No one knows who coined these words: “Revenue is vanity, profit is sanity, but cash is king.”
The importance of a positive cash flow can’t be overstated. It’s much more important than profits.
Profitable but troubled
A company can be profitable but need more funds to pay its current operating expenses.
How is that possible?
Profits can include non-cash expenses, like depreciation and amortization, and goodwill write-offs. A business can be technically “profitable” but have a cash shortfall.
If profits reflect sales made on credit, the company could experience a cash shortfall during the period between billing and collection. The company would need enough cash to fund operating expenses while waiting for receivables to arrive.
In an expanding business, cash becomes even more vital. It’s possible for a high-growth company to “grow yourself into bankruptcy.”
As sales increase, you’ll need more inventory to avoid turning away customers. If you need to pay for this inventory within 30 days, but receivables from customers buying on credit won’t arrive for 60-90 days, your cash resources might not permit you to sustain your growth.
The situation will be exacerbated if your growth requires hiring more employees or incurring other short-term expenses.
Don’t confuse profits with a healthy business. A cash flow statement provides a more accurate picture of business stability. It will show if the company has enough cash to sustain operations during slow periods or while awaiting receivables.
Here are some best practices for improving your cash flow.
Use accounting software
With the guidance of your CPA, consider an online accounting package. Some leading ones are Xero, Zoho Books, FreeAgent, and Quickbooks. Using the right accounting package will improve efficiency and help shorten the time between billing and collection, including automatically scheduling vendor and invoice payments and reminders. You’ll also benefit from having a clearer picture of your inventory requirements and the ability to generate professional-looking financial statements.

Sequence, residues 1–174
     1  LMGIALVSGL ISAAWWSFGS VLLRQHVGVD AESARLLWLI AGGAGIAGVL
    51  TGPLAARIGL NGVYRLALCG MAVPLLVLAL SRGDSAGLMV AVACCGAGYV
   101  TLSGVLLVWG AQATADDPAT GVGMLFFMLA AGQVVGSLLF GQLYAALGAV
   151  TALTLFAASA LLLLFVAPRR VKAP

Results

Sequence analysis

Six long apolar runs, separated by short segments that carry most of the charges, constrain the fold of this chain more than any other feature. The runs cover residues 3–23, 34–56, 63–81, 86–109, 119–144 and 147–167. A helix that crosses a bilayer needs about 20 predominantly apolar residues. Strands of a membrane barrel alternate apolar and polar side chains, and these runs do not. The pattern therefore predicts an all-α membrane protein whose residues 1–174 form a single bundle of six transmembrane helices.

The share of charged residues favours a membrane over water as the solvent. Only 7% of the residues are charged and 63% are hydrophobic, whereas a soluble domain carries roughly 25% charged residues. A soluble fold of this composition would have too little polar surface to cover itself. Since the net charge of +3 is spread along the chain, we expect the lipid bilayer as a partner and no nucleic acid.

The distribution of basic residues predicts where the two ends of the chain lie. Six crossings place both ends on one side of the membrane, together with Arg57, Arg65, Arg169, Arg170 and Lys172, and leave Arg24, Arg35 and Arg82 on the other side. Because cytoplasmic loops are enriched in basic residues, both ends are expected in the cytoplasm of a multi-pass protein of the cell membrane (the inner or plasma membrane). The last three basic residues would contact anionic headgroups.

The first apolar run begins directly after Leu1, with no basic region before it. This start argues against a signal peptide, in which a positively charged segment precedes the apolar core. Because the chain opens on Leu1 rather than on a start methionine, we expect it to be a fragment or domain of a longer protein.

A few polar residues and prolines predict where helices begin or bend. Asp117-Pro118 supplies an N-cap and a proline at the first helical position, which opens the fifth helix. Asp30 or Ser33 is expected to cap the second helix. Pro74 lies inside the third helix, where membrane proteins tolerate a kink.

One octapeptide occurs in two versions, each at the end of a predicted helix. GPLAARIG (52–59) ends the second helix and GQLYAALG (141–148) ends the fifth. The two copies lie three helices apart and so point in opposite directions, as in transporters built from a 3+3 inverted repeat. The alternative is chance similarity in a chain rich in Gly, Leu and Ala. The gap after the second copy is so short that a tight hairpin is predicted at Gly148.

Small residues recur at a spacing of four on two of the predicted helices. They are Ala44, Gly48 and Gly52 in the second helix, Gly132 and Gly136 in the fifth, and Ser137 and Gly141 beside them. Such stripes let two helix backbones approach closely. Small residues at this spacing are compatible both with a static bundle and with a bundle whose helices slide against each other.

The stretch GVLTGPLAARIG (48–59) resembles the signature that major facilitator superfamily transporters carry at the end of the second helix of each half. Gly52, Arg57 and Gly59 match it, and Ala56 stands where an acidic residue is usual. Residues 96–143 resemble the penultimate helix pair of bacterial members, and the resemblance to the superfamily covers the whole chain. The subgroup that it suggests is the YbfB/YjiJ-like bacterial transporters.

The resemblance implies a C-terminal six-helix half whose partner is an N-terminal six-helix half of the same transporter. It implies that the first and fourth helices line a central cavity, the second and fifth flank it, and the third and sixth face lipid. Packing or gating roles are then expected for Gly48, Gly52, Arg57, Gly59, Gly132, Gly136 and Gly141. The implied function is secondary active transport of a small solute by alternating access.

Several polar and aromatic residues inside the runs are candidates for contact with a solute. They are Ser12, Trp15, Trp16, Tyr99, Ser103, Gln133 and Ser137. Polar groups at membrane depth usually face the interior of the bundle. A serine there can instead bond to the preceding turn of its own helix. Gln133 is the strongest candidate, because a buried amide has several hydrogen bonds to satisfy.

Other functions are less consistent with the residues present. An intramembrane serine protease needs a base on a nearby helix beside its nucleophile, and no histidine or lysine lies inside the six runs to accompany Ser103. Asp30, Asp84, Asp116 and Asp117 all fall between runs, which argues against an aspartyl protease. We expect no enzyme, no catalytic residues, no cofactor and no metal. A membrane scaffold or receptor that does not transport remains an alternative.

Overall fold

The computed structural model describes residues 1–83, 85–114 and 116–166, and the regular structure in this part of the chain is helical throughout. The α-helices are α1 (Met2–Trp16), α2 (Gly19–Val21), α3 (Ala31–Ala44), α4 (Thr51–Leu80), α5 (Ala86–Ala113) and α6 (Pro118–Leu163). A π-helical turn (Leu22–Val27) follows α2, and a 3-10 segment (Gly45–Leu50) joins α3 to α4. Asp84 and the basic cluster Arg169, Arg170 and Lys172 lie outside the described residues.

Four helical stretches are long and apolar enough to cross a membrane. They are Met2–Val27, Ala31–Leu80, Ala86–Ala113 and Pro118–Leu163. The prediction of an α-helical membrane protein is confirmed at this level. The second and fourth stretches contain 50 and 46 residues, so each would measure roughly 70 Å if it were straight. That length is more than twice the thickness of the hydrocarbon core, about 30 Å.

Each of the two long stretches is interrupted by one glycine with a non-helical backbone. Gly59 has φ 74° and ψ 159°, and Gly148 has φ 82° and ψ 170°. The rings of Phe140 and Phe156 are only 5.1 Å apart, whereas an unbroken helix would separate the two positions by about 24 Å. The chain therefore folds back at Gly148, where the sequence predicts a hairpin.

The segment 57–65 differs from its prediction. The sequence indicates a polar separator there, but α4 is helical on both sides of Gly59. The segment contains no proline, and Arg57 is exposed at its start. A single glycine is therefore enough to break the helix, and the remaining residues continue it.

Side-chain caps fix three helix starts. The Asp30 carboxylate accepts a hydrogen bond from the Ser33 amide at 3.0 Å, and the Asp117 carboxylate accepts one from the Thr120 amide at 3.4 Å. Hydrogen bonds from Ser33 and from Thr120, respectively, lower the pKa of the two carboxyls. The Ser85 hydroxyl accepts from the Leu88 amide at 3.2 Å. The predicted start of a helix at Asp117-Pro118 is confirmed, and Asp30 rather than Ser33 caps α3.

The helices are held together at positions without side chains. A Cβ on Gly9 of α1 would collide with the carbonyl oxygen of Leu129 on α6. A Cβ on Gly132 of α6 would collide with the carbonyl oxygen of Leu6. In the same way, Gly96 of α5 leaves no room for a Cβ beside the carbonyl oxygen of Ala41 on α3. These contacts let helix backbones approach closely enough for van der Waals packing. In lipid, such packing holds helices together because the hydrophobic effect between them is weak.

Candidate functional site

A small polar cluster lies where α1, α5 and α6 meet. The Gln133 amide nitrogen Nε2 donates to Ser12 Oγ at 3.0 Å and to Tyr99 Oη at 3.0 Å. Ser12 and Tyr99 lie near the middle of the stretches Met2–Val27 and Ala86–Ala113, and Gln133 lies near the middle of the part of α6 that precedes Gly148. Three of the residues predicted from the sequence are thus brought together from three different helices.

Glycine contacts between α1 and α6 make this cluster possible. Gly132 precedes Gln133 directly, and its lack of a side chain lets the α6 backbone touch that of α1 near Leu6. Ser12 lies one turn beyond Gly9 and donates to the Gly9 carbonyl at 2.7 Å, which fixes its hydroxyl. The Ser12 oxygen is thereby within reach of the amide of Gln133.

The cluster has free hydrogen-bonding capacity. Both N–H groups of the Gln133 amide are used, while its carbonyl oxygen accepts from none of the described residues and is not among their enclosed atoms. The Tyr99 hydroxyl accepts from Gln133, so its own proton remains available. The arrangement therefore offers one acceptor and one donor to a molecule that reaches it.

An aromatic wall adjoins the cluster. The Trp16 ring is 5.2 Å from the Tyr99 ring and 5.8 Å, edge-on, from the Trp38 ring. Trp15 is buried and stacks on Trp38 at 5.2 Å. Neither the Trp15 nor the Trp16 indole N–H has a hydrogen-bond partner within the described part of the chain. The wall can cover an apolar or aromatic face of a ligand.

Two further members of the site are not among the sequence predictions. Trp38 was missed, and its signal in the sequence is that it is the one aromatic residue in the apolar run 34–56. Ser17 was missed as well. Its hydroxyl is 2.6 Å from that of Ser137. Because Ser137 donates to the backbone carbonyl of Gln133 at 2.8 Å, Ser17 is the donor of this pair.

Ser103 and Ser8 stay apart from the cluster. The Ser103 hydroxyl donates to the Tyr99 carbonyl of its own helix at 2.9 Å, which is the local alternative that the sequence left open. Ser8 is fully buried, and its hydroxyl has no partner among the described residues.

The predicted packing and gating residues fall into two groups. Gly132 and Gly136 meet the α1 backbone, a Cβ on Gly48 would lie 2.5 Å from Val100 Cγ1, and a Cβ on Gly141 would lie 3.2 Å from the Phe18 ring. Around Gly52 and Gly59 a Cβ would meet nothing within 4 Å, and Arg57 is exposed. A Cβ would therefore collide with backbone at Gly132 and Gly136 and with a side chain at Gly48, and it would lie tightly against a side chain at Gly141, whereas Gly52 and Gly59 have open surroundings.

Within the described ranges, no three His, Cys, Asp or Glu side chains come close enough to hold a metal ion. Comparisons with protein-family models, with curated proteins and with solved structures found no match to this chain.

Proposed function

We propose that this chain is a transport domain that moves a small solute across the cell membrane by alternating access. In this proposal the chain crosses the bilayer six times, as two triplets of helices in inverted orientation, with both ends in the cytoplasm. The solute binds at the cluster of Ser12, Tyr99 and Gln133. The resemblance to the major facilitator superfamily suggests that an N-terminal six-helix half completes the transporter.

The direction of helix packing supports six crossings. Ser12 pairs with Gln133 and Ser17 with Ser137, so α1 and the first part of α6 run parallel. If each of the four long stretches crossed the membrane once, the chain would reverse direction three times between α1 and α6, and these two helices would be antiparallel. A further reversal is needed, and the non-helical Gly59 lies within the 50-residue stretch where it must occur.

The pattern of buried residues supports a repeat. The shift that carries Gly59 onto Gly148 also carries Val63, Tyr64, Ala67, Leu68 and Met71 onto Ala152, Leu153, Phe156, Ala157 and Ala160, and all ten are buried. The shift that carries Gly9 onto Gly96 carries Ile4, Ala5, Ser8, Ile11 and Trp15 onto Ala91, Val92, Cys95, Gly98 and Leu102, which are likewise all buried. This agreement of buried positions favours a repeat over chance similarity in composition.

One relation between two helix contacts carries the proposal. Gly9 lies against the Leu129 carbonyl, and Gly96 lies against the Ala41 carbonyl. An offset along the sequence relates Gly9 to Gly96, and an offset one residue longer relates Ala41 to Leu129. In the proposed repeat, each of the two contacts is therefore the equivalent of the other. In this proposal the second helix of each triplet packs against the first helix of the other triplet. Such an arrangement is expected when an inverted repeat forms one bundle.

Shorten receivable terms
Cash flow should be uppermost in your mind when making sales. You can ask for partial payment when your customers place an order or offer a discount for paying in full more quickly.
You can also add a penalty for late payment to reduce the risk of delays.
With invoice factoring, you sell most of the value of an unpaid invoice to an “invoice factor” and receive immediate payment, which is less than the total value of the invoice.
You can read about the different types of invoice factoring here.
The benefit of invoice factoring is quicker payment, which improves cash flow.
The major disadvantage is the cost charged by the invoice factor.
Lengthen payable terms
Your strategy with payables is different from receivables.
You want to speed up receivables and slow down payables.
Talk to your suppliers about extending the time when payment is due. If you are a good customer, they will be eager to keep you happy. Large companies have access to capital that permits them to extend payment terms for valued customers.
Investigate whether it makes sense to make purchases using a business credit card, which may give you a longer time to remit payment.
Check your spending
Expenses reduce cash flow.
Look for ways to reduce your expenses.
There was little to like about the Covid-19 pandemic, but it did have a silver lining. Many companies found they could reduce or eliminate their need for office space by having employees work remotely.
If possible for your company, discuss extricating from your lease with your landlord or subleasing unused space.
Your savings transcend rent. You will also reduce utilities and insurance expenses, including incidental costs like office cleaning.
Make expense management a priority by reviewing and eliminating unnecessary expenses monthly.
There are pros and cons to leasing instead of buying your equipment.
The primary benefit of leasing is the reduction in upfront costs, which will improve your cash flow.
Leasing may also reduce maintenance costs, increase your deductions and eliminate the possibility of getting stuck with obsolete equipment.
Of course, there are negatives.
Your total costs may be higher.
You lose the depreciation deduction you would have if you owned the equipment.
The equipment won’t be considered an asset on your balance sheet and can’t be used as collateral for financing.
While you don’t want to scare away customers, evaluate whether raising prices is appropriate while preserving your competitive position.
At Aura Wealth, we are certified public accountants and financial advisors. We help our business clients manage and track their cash flow. We prepare and file their tax returns. We also provide many additional services, including investment management, setting up retirement plans, and retirement planning.